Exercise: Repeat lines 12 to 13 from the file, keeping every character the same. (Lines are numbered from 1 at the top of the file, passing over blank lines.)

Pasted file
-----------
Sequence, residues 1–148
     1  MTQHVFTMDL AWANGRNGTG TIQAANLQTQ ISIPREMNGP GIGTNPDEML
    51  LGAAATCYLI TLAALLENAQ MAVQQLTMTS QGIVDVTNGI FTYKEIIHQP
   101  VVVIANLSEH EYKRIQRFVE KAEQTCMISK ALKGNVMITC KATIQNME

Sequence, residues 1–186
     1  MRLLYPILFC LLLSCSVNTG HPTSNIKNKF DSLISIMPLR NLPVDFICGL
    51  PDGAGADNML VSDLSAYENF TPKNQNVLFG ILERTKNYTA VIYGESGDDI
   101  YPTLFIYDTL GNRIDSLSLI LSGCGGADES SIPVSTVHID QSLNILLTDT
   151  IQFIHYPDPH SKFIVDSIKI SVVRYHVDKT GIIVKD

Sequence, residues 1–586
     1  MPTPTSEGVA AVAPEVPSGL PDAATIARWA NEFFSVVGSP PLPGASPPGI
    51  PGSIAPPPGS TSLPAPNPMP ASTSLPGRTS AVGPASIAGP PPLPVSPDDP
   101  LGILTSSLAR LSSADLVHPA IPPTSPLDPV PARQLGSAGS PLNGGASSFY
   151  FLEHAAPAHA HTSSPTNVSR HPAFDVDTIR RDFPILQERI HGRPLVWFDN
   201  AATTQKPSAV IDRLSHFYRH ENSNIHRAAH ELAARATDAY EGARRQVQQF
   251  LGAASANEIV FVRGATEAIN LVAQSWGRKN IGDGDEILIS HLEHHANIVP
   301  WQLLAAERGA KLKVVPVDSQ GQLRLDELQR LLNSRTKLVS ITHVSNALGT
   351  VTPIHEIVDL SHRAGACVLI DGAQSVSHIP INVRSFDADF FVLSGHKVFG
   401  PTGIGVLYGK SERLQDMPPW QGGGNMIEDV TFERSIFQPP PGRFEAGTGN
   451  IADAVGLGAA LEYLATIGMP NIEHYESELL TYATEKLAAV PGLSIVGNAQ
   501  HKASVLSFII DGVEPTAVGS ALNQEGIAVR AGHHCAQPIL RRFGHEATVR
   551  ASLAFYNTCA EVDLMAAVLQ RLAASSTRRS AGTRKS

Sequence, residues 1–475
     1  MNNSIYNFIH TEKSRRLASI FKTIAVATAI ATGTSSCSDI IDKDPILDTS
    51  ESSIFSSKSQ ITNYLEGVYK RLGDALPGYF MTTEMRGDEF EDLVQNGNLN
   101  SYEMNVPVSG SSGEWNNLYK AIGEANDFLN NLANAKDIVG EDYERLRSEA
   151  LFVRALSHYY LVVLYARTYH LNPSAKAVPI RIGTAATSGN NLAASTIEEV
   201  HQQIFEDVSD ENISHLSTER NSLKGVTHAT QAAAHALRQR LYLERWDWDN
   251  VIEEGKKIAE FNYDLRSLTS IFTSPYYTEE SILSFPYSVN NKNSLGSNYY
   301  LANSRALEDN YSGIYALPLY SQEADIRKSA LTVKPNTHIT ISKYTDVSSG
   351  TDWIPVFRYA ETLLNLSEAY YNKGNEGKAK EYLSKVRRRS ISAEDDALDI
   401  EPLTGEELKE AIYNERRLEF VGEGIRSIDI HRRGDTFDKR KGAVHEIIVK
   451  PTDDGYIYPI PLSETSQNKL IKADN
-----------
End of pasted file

    51  PGSIAPPPGS TSLPAPNPMP ASTSLPGRTS AVGPASIAGP PPLPVSPDDP
   101  LGILTSSLAR LSSADLVHPA IPPTSPLDPV PARQLGSAGS PLNGGASSFY